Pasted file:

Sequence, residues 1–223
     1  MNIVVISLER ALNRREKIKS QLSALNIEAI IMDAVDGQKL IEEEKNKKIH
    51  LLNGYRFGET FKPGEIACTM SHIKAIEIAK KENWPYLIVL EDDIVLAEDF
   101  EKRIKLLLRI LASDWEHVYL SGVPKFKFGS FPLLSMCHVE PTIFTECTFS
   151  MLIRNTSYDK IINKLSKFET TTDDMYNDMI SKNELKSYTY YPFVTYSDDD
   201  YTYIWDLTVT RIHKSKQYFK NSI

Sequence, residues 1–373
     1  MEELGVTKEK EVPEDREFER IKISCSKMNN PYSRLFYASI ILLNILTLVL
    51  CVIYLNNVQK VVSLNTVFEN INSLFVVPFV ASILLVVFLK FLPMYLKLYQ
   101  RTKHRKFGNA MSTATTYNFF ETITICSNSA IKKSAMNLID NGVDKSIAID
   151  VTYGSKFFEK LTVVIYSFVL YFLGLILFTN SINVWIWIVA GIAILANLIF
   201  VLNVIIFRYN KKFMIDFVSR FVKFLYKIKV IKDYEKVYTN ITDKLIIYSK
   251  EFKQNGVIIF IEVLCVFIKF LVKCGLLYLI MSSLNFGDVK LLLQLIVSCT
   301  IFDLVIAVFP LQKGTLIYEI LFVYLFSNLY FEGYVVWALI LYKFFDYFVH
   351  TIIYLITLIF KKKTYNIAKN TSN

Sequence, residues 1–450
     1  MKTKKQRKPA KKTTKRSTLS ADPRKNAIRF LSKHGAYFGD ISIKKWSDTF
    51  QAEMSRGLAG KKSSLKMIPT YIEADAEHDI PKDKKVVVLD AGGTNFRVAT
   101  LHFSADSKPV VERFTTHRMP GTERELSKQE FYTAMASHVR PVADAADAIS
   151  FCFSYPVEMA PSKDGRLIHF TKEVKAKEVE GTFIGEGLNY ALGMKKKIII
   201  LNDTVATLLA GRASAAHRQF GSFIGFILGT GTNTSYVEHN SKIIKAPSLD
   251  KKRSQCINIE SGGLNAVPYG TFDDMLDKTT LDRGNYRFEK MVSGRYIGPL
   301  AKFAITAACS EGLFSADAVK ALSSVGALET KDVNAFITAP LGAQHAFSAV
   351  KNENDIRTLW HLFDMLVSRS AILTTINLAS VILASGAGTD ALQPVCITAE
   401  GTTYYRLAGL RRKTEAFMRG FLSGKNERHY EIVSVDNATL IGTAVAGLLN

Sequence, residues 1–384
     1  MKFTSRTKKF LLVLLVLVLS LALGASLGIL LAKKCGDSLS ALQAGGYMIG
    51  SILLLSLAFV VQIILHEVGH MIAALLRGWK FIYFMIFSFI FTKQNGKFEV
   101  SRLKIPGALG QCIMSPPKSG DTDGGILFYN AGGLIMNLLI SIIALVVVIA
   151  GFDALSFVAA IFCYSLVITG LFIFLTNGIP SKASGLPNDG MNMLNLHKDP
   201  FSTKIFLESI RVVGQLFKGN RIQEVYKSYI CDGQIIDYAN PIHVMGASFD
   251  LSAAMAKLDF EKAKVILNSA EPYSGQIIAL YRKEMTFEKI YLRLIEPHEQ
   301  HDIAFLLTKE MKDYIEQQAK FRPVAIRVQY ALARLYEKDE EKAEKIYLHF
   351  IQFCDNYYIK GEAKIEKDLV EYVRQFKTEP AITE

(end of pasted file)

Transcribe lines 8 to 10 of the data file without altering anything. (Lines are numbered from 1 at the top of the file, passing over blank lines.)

     1  MEELGVTKEK EVPEDREFER IKISCSKMNN PYSRLFYASI ILLNILTLVL
    51  CVIYLNNVQK VVSLNTVFEN INSLFVVPFV ASILLVVFLK FLPMYLKLYQ
   101  RTKHRKFGNA MSTATTYNFF ETITICSNSA IKKSAMNLID NGVDKSIAID